1. Honest self-awareness. Are you lying to yourself and making up stories to justify poor decisions?  Are you avoiding the real problems and using things like alcohol, gambling, drugs and food to feel better (momentarily) and forget about the bigger problems in your life? If you have honest self-awareness, you will engage your entire brain to help find a solution to the problem and see the situation as a challenge and not a threat.
  2. Identify your dominant thoughts. I have a three part Stress Teflon quiz: “What am I thinking? Why am I thinking it? And, is it helping?” these three questions are the basis for Mind-awareness. Understanding what you are thinking is an insightful version of mindfulness without the hippy overtones. Mind-awareness is essential to understanding why we do the things we do.
  3. Own your problems. I sound like Dr Phil, but “owning your problem” will get you out of the denial stage and get you into a state of mind that will help you solve the problem or accept that you can’t solve the problem. Either way, you will be better off if you understand why your are doing destructive things. The possibility of a win when gambling may have made Nathan feel better in the short term but is unlikely to improve his financial situation. Mind-awareness and understanding what’s going on in your head will keep your new brain connected and enable you to make smarter decisions.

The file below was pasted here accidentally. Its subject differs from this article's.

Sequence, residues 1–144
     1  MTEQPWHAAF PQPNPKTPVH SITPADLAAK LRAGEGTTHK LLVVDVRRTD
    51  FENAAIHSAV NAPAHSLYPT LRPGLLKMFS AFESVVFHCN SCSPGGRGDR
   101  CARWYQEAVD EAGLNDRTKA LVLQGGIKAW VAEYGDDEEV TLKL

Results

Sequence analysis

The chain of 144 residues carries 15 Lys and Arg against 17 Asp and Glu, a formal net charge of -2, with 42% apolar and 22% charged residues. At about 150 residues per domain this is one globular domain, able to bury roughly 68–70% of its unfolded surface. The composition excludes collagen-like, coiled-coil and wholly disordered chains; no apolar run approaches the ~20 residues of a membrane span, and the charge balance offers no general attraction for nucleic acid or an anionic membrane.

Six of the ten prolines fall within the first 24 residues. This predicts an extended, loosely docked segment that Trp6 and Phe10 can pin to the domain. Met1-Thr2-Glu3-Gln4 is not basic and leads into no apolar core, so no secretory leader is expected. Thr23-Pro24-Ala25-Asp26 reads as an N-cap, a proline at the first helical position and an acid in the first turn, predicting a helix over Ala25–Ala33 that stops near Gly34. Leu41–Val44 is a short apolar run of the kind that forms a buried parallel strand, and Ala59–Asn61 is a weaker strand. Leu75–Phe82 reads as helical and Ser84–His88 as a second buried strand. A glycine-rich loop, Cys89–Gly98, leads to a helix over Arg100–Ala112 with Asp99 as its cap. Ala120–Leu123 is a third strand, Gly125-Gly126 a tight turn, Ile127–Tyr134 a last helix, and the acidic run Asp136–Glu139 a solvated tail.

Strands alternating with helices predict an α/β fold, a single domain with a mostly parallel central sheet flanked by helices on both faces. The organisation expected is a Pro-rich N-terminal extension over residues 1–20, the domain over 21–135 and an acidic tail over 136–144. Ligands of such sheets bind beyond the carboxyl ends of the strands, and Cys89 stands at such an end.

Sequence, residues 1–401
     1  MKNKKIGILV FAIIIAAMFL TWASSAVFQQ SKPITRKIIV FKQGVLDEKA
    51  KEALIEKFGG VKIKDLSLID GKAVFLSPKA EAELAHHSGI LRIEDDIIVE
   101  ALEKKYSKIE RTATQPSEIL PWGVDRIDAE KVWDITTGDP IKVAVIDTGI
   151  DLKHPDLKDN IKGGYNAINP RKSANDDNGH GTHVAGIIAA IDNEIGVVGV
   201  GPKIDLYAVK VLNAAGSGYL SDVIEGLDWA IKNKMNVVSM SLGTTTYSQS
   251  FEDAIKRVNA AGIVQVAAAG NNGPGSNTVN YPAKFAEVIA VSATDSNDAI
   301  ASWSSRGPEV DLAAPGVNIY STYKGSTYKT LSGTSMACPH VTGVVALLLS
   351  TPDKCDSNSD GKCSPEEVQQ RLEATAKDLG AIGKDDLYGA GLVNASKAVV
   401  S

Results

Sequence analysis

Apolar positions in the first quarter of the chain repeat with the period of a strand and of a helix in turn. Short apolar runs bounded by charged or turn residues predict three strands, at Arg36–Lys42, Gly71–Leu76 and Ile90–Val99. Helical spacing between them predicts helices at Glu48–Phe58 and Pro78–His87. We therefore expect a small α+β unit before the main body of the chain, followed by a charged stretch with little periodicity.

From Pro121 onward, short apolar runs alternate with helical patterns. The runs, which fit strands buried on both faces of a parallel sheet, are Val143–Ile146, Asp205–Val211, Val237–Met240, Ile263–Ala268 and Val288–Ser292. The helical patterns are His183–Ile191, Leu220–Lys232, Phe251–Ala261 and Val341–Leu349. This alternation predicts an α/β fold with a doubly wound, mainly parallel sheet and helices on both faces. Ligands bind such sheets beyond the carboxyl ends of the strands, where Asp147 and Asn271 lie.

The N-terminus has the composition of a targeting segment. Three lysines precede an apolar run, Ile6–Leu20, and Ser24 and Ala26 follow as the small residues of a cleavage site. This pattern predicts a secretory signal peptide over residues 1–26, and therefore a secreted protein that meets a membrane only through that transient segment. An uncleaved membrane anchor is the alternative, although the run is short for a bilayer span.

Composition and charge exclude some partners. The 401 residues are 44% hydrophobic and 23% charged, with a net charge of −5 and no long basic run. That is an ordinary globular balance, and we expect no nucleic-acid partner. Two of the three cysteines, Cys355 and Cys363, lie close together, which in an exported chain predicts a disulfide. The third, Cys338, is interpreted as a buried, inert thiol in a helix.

4. Get into work mode: Leave your troubles at the door when you get to work. There is nothing you can do about your home troubles while at work. By putting your “work hat” on when start work you can leave your other troubles at the door. Giving work your full attention will also help you forget the other stressors in your world. Consciously taking deep breaths and short periods of meditation will help calm the fight or flight response.
  5. Exercise. The fight or flight reflex is priming you to run or punch-on. Do it! Exercise, run, lift weights, punch a boxing bag. Use up some of the energy that stress has made available. Exercise is like having a little bit of Prozac and a little bit of Ritalin. It makes you happier and more focussed. Exercise helps you think clearer and lets you find solutions rather than just rolling the problems around in your head.
If you are in any form customer service role (who isn’t) you need to understand that customers and colleagues will sense your anxieties and feel uneasy. There is also scientific evidence that we mirror the people we deal with. In customer service (or leadership roles) the people around you will mirror your anxiety. In sales, this is a disaster! Anxiety will cause people to stick to the status qui and do nothing, not purchase and view your service as being sub-standard. Toxic stress is contagious and you need to get it under control.
Stress can be a very productive motivator, but it needs to be kept in check to maintain customer service standards. A Stress Teflon stress workshop can help your business understand stress and teach you how to utilise it.
It’s good being in business when stress doesn’t stick.